Wednesday, January 23, 2008

Divided government and ch-ch-ch-changes

Hat tip to RC for pointing me to this great column in The Badger Herald by Jason Smathers. Jason is is a senior at the University of Wisconsin majoring in history and journalism. Coincidently, the title of the piece is "Divided we stand, united we fall?":
"... despite its name, divided government is the only path for meaningful progress, especially given how “change” has ravaged this country at times. In the last 50 years, divided government has been relatively common. During the ‘50s, a combination of the Democratic Legislature and Republican executive resulted in an end to the Korean War, incredibly low rates of inflation and only minimal flare-ups in the Cold War. When united government resurfaced, it led to high inflation, expansive foreign policy disasters — Vietnam, of course — and a rebellious counterculture that derailed the legitimacy of the President Lyndon Johnson and cut the “Great Society” short. It took divided government, along with a secretive Nixon administration, to restore order and reduce a national crisis to a cultural hangover. It may not have looked pretty the way it happened — especially when the president and secretary of state aren’t exactly choirboys — but it did stop the bleeding before a second unified government under the Carter administration lost the plot again. The same sort of stability occurred during the Clinton presidency — low inflation, low unemployment, economic prosperity along with relative peace in terms of foreign policy. However, the pitfalls of unified government revealed themselves again during the six years of Republican control..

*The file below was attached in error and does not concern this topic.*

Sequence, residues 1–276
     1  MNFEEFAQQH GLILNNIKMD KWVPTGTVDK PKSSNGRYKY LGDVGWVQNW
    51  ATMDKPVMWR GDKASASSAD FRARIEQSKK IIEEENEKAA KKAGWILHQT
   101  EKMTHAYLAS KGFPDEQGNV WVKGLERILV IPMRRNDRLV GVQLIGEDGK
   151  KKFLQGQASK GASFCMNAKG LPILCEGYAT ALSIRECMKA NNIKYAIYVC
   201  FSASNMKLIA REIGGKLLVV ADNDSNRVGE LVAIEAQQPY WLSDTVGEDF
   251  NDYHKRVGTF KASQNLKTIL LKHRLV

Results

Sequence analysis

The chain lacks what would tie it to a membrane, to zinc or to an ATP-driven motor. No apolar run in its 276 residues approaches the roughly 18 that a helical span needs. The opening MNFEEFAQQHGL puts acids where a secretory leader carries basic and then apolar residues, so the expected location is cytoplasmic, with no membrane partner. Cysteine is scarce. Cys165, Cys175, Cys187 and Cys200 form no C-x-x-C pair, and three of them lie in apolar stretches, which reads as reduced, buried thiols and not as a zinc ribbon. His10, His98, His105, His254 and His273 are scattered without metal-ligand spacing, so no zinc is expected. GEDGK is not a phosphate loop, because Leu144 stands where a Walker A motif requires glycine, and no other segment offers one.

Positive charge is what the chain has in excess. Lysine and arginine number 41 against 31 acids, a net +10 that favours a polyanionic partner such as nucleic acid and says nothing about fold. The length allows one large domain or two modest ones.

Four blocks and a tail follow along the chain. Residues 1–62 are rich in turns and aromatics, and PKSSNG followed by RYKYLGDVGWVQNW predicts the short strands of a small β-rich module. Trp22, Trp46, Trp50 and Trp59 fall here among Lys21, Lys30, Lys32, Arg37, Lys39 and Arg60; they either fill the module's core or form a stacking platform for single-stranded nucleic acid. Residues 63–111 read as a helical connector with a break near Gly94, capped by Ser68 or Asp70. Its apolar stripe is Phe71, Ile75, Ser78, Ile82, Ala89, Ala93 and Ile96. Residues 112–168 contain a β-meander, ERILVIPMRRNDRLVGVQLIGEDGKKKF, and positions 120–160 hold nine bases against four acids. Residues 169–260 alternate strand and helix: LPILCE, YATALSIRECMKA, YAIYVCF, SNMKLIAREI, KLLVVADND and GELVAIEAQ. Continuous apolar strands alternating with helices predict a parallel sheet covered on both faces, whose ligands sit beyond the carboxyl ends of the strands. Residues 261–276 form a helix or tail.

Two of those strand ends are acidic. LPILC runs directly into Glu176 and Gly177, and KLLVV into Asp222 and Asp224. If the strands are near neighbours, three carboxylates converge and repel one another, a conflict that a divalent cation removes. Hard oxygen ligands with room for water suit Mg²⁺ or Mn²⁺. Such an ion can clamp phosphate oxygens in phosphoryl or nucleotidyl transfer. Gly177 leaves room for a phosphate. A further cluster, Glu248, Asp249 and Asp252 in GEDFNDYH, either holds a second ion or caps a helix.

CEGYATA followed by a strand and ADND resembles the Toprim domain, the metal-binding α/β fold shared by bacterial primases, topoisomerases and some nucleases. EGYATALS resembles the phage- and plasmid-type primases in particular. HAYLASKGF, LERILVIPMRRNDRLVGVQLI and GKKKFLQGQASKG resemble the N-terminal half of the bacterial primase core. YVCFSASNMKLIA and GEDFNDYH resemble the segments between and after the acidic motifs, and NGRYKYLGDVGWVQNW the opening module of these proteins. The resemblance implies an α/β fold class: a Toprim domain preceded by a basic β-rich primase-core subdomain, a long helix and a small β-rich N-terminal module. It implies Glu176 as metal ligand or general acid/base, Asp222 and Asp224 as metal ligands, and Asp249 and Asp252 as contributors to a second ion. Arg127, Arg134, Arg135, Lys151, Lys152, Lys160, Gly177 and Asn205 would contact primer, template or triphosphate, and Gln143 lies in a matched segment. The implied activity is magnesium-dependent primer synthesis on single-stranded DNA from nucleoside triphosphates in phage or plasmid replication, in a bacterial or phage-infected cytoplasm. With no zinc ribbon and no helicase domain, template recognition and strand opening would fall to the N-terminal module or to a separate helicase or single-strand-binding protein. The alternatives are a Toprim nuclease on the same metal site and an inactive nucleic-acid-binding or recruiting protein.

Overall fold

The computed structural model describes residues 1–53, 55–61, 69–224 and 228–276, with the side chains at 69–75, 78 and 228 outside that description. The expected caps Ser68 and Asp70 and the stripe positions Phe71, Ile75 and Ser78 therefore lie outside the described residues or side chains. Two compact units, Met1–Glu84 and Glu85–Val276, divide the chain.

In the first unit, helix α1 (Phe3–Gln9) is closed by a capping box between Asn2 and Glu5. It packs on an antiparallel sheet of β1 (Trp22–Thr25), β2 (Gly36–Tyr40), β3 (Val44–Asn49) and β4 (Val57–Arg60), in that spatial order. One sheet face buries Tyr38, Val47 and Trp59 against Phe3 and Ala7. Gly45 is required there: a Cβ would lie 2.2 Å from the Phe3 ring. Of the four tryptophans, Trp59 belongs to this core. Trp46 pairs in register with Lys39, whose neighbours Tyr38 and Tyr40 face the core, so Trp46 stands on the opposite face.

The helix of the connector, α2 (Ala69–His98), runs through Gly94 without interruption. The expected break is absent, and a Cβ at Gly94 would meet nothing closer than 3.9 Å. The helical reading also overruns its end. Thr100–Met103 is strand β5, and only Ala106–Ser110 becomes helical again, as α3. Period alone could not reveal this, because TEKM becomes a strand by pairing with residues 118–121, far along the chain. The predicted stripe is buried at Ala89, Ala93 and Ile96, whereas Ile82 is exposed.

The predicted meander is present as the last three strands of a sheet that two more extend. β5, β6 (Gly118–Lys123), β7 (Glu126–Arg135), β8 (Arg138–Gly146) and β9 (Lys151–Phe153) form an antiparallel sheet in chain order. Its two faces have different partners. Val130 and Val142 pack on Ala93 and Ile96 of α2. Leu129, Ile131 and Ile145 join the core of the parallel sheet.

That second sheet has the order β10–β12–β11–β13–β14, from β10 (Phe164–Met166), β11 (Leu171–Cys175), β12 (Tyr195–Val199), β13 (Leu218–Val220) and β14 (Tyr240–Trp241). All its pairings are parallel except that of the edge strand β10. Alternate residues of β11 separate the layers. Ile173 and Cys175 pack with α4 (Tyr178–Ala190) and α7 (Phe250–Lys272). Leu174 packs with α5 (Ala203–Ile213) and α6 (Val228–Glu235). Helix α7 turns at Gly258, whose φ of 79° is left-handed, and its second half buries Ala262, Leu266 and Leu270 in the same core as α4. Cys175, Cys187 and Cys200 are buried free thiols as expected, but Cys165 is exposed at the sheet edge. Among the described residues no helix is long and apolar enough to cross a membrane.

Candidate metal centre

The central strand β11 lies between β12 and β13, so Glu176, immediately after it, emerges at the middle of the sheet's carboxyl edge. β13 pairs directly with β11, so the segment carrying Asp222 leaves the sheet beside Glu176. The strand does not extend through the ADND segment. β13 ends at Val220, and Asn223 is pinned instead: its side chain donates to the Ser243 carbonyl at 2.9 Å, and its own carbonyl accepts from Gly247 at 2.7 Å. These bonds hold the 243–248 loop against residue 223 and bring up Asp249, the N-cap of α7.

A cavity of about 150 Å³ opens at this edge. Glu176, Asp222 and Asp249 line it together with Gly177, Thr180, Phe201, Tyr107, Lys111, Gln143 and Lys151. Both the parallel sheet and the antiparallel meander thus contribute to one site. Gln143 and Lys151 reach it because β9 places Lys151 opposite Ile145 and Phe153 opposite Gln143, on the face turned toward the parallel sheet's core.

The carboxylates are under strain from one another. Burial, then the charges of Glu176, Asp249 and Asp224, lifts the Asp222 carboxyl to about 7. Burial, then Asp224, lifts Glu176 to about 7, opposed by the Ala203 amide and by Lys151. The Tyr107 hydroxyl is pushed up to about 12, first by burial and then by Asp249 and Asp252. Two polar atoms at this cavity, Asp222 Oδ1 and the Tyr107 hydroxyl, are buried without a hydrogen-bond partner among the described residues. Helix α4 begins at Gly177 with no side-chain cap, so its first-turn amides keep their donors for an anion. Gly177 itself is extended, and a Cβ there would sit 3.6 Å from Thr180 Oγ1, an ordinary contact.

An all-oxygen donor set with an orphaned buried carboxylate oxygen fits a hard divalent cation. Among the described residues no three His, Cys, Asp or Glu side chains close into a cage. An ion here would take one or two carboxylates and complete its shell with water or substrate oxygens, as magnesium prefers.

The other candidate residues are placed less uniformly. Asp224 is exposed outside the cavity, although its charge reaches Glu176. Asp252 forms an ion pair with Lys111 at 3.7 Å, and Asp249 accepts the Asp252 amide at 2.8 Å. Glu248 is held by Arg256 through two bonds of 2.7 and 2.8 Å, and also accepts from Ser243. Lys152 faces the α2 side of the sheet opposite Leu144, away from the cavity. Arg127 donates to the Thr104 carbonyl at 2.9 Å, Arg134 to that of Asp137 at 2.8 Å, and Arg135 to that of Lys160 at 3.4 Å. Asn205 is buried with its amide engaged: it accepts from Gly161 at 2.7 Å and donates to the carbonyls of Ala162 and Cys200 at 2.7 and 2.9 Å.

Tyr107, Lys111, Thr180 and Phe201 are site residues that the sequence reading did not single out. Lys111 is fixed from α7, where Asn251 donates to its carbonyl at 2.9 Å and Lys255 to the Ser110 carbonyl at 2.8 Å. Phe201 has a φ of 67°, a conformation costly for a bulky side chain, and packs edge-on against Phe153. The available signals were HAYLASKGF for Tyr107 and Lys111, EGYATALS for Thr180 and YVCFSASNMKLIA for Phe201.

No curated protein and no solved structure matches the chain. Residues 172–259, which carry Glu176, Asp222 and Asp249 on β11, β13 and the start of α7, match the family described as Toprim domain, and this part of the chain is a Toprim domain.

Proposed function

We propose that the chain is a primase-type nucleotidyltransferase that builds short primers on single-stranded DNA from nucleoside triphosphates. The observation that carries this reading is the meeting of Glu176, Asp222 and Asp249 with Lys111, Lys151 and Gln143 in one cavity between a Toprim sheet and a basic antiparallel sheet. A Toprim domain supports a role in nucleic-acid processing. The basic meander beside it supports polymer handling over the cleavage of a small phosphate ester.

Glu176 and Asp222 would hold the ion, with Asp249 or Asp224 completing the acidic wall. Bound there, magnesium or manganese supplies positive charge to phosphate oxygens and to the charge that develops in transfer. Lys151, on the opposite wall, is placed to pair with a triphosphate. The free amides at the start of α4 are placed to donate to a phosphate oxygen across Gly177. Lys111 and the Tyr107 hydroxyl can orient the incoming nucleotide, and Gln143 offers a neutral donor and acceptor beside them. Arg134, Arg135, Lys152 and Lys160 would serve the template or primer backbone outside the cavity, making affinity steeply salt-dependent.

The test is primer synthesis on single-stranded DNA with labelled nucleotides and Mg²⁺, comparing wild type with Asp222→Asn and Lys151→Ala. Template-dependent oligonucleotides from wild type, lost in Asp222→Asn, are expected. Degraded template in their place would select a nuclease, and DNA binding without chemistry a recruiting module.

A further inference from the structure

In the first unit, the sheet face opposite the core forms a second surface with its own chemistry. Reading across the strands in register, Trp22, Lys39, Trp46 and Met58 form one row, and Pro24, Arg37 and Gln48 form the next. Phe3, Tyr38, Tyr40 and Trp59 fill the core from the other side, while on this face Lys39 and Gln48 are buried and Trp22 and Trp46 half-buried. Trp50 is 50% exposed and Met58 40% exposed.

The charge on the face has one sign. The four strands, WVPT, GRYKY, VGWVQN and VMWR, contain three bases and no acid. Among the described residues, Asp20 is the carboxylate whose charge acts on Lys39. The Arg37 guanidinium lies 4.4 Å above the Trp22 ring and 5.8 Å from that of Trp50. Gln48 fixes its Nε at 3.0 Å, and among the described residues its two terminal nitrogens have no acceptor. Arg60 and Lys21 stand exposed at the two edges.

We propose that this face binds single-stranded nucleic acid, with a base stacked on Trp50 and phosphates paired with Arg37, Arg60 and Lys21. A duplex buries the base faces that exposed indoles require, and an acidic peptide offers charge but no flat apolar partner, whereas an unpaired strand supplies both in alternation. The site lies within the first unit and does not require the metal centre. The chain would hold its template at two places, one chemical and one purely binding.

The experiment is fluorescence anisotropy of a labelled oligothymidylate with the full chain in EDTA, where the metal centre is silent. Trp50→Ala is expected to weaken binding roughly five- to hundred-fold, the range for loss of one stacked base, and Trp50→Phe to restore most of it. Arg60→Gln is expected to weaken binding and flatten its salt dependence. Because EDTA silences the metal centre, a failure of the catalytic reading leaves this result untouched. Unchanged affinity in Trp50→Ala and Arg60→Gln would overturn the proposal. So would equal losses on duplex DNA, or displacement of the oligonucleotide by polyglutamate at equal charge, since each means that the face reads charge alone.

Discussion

In that sense, a Republican president may not be the worst decision for America at this point. Sen. John McCain may now be pandering to the conservative base, but if he decides to once again take up the banner of Goldwater Republicans, he could provide a perfect complement to a visibly frustrated Democratic congress. Skepticism of Mr. Obama’s “post-partisan” politics is partially developed out of a sinister second meaning appropriated by bandwagon “agents of change” — pushing an agenda through a unified government with little to no opposition. It’s not partisan because there is only one side. Yes, they could get a lot done. They could also do a lot of damage. "
Jason has gone a long way to restoring my faith in the younger generation. There is hope.

It is really not hard to understand why divided government works better. Use any mechanism the way it was designed to be used, it works better. A car is designed to run on roads, try to use it as a boat, and you don't get where you intended to go. We have a system of government built on the concept of checks, balances and separation of power. The constitution was designed with a specific architecture to ensure that (as James Madison said in the Federalist Papers) "Ambition must be made to counteract ambition." Divided Government reinforces the foundation of our Federal Government. It works the way it was designed to work by the founders - messy, slow, and contentious. Single party government bypasses and undermines the checks and balances, restrains oversight, invariably increases opportunity for corruption, bad decision making, with consistent disastrous results.

On the subject of "CHANGE" I found this YouTube video amusing, and an excellent supplement to my earlier post - Keep the Change - A Resource for Bloggers. Enjoy:

Divided Change and Balanced Change.™ Now that is fair change.


Jason Smathers said...

Thanks for the link. However, my last name is Smathers. It's a common mistake.

mw said...

fixed. sorry about that.